- The Washington Times - Thursday, August 6, 2009

A congressional chairman is demanding answers from a coal group about forged letters criticizing major climate legislation that were sent to three congressional offices ahead of the House vote on it.

The American Coalition for Clean Coal Electricity has acknowledged that the firm it hired through a subcontractor, Bonner & Associates, sent 12 forged letters purportedly from local nonprofit groups to the congressional offices.

In a letter Wednesday, Rep. Edward J. Markey, chairman of the House Select Committee on Energy Independence and Global Warming, demanded to know when the congressional offices were notified of the faked letters.

Mr. Markey, a Massachusetts Democrat and one of the climate bill’s primary sponsors, noted that a “background document” put out by the coal group said it was first informed about the situation June 24 - two days before the House narrowly approved the legislation. He said the group “chose to remain silent” until after the vote.

Last week, the office of Rep. Tom Perriello, Virginia Democrat, said it found six letters purported to be from a local NAACP chapter and a Hispanic advocacy group criticizing the bill, which turned out to be forgeries. Bonner & Associates, a Washington grass-roots lobbying firm, acknowledged that it had forged the letters, blaming the fakes on a temporary employee who has since been fired.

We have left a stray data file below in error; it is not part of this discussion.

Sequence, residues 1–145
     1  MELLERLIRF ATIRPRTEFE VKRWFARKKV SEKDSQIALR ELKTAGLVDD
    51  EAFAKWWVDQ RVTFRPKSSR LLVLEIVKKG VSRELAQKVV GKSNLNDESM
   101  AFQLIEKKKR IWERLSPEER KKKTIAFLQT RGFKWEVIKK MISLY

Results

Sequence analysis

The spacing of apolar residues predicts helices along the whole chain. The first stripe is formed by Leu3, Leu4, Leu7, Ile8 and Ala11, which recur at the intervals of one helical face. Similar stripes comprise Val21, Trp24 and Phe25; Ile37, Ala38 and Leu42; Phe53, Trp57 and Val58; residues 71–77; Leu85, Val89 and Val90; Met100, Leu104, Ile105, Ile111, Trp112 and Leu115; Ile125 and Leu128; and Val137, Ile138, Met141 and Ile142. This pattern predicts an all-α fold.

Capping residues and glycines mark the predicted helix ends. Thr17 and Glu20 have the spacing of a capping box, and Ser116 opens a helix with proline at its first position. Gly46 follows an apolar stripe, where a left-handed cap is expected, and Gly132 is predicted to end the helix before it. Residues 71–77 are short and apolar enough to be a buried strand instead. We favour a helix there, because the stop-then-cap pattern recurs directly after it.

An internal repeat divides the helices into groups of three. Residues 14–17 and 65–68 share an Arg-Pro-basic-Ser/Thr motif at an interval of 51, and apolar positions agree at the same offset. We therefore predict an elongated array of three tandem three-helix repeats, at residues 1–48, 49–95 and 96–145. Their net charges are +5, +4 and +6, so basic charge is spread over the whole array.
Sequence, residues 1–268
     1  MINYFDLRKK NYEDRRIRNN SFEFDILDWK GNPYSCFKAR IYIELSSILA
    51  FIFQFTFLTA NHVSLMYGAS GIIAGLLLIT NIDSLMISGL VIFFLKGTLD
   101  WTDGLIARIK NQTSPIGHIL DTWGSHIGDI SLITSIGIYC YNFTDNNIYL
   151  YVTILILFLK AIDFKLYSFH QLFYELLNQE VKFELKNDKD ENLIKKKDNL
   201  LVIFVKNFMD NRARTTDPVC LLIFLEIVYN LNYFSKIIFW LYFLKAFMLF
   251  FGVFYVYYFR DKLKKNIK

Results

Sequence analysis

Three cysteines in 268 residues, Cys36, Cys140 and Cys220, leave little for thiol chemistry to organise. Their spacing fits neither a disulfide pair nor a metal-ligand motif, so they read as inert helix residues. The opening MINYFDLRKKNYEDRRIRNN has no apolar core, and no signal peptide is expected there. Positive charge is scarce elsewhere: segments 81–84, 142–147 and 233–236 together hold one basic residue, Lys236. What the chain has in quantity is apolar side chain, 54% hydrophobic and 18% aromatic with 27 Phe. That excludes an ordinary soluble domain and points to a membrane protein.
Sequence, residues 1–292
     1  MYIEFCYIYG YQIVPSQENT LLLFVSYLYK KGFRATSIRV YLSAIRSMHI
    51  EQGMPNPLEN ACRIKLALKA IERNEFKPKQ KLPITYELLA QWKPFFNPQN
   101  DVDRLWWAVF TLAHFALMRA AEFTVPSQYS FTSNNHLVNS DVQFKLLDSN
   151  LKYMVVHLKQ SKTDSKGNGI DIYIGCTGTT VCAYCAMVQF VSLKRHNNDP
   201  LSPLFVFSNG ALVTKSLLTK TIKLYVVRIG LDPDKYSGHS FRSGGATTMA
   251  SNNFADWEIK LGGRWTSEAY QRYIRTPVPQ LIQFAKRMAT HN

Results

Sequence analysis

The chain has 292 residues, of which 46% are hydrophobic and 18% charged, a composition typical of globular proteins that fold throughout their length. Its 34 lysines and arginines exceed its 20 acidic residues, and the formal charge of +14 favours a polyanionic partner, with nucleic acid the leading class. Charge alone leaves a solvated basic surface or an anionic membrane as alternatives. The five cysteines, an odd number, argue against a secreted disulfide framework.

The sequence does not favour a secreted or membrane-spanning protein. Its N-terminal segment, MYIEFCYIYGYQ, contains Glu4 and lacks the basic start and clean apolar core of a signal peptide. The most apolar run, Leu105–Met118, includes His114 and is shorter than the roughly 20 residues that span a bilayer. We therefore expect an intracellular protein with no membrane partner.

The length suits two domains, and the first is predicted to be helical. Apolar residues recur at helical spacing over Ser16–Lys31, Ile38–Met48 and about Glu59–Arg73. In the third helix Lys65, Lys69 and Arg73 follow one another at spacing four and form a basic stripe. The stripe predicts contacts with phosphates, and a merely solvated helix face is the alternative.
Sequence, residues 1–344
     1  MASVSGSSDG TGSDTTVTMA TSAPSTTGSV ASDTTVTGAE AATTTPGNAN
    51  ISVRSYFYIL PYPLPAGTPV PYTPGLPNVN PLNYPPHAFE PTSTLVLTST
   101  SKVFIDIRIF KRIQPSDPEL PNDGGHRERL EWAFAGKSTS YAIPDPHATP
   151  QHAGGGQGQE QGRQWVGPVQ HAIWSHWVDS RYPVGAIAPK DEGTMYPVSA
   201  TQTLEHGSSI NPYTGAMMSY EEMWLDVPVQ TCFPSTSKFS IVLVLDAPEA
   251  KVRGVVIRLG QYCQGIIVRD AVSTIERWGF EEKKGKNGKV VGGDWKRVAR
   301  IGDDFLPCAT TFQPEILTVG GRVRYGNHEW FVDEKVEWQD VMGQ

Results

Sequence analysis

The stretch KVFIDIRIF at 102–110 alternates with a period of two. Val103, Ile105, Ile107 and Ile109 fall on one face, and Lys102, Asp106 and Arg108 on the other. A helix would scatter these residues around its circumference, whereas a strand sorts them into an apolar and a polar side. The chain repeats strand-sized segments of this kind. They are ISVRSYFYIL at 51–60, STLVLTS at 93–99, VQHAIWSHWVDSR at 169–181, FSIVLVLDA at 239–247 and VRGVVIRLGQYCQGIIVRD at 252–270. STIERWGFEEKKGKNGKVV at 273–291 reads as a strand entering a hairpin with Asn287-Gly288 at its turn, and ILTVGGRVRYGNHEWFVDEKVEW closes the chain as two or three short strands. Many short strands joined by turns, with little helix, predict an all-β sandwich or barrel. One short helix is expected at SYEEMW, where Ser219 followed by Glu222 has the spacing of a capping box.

This week, the coal group said that its primary grass-roots contractor, the Hawthorn Group, had hired Bonner & Associates to do limited outreach on the climate bill before the vote. The coal group revealed that 12 forged letters had been sent to three House members: Mr. Perriello, as well as Pennsylvania Democrats Christopher Carney and Kathy Dahlkemper.

Lisa Camooso Miller, a spokeswoman for the coal group, declined to identify the groups whose names were used in the letters to the Pennsylvania lawmakers, other than to say they were local nonprofits. She said the coal group, which represents industries involved in producing electricity from coal, notified the offices about the faked letters Monday.

Mrs. Dahlkemper’s office also declined to identify the groups. Her spokesman, Zac Petkanas, called it “an unfortunate incident involving several out of thousands of letters that Rep. Dahlkemper received regarding this important issue.”

Mr. Carney’s office did not respond to messages Wednesday.

Mr. Perriello ended up voting for the bill; the other two lawmakers voted against it.

Mr. Markey asked the coal group to respond by Aug. 13.

“We just received the letter and will answer the questions fully,” Ms. Camooso Miller said.

In statements this week, the coal group and Hawthorn put the blame on Bonner & Associates. The coal group’s president and CEO, Stephen L. Miller, said: “We are outraged at the conduct of Bonner & Associates … because of Bonner & Associates’ misconduct, we apologize to the community groups and the members of Congress involved.”

Michael Coe, Hawthorn’s chief operating officer, said Bonner & Associates “failed to reach the congressional offices to properly advise them” of the forgeries.

“The Hawthorn Group deeply regrets that Bonner & Associates caused the fabricated letters to be sent to the congressional offices and its failure to follow up appropriately when they discovered the error.”

Bonner & Associates did not return messages seeking comment.

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